Plans to journey with traders to the north-west failed to materialize in 1818 so he resorted to being a laborer to survive through that year. He spent his weekends hunting for plants and included an exploration for a short distance up the Ottawa River. His collections for the year were sent to Scotland by ship but that ship too was lost in the St. Lawrence.

Ontario

The objective of John Goldie’s entire tour is outlined in the opening words of his Diary:  "On June 4th, 1819, I commenced my long-talked of journey to examine the natural but more particularly the botanical productions of Upper Canada and of the States in the vicinity of the Lakes". On that date, he set out from Montreal and in the course of his journey during that summer, he was to visit Kingston, York (Toronto), Holland Landing and many other places. Through self-financing, this was his last chance to make a success of his trip to North America.

His journey in Upper Canada was along the north shore of Lake Ontario from Montreal down to Niagara Falls and Fort Erie and then into the states of New York and Pennsylvania. He noted the presence of sandy soils around Lake Ontario in which crops could only be grown poorly. We now know these soils were remnants of the old beaches of former lakes or moraine deposits. He also noted barren, rocky areas around northern Lake Ontario, too, where farms could not be established. He was tormented by mosquitoes and black flies as he walked carrying all he owned in a knapsack as well as his collections (plants in a collecting book, insects in his hat).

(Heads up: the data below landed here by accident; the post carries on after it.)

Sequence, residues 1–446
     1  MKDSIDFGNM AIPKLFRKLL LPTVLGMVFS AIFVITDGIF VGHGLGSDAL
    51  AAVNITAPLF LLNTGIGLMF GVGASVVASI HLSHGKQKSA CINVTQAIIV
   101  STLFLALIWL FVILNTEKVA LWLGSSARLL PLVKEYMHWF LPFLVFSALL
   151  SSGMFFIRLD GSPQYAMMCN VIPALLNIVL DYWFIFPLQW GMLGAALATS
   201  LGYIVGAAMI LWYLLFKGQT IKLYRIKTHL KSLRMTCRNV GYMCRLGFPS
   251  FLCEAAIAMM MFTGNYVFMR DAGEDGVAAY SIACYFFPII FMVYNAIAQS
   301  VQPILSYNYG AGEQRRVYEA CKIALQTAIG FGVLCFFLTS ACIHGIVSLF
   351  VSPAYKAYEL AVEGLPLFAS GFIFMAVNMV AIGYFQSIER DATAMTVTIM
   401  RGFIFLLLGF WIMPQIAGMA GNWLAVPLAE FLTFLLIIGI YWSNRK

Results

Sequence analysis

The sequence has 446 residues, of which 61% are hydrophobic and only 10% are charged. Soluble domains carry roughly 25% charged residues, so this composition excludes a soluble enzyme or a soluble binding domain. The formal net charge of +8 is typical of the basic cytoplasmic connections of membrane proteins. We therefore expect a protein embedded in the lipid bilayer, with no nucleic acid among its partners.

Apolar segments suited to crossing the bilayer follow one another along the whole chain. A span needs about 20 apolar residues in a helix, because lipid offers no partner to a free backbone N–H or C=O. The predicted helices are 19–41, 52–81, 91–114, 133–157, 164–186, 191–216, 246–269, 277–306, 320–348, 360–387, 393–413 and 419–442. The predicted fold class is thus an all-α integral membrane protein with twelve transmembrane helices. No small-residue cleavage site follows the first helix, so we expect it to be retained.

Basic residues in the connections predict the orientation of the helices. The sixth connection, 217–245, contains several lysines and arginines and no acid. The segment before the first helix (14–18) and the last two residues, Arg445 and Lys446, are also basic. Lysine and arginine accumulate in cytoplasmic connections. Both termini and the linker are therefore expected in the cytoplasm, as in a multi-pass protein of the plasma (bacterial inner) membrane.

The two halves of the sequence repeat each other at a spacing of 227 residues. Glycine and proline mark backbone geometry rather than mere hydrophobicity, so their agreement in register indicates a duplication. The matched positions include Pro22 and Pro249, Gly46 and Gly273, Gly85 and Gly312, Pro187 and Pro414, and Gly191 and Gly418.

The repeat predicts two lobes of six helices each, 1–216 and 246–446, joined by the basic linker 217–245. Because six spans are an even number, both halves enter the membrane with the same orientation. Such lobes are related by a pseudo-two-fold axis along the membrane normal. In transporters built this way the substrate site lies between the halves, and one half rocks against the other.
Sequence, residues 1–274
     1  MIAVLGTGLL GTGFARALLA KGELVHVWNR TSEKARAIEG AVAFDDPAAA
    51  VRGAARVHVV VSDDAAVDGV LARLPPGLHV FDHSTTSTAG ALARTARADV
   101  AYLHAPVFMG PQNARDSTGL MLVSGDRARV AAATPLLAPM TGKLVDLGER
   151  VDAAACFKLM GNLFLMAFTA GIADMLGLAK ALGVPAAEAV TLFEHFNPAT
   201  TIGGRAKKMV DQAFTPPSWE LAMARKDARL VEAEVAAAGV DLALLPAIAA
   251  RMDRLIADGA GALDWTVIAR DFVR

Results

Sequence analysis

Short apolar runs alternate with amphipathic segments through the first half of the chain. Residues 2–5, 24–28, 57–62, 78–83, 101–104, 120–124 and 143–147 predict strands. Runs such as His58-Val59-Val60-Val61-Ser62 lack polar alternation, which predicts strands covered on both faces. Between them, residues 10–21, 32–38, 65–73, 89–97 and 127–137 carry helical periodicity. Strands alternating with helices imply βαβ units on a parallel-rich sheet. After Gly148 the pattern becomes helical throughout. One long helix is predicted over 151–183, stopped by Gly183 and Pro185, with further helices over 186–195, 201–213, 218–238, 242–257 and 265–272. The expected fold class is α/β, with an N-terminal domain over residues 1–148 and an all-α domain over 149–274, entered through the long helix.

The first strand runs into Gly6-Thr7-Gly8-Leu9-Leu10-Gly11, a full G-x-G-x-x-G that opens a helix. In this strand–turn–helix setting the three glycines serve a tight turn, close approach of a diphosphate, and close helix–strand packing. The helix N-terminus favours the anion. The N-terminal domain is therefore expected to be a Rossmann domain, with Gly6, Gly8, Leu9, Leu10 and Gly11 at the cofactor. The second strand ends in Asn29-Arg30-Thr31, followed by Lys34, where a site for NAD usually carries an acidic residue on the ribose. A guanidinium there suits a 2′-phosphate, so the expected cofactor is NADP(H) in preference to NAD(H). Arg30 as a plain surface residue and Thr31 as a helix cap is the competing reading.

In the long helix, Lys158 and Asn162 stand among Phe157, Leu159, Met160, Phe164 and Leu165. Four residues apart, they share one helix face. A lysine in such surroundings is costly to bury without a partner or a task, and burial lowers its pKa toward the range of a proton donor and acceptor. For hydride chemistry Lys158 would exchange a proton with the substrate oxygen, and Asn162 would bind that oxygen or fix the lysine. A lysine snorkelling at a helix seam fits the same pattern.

Toronto – Rouge River

On June 25, 1819, Goldie crossed the Rouge River near Kingston Road. Here he found Penstemon hirsutus in the east slope of the river in “such a quantity of which I never expected to see in one place”. From here, he passed through miles of "barren sandy Pine Woods, which it is probable will never be cleared" presumably due to the infertile character of the soil. More sand was observed on the cliffs of Scarborough. Although the Rouge area was primarily forested in the past, it did contain meadow wildflowers and even remnants of prairie grasslands with species such as Big Bluestem from a drier climatic period. Some of these remnant wildflower communities were probably on the clearings created through the activities of early native farmers.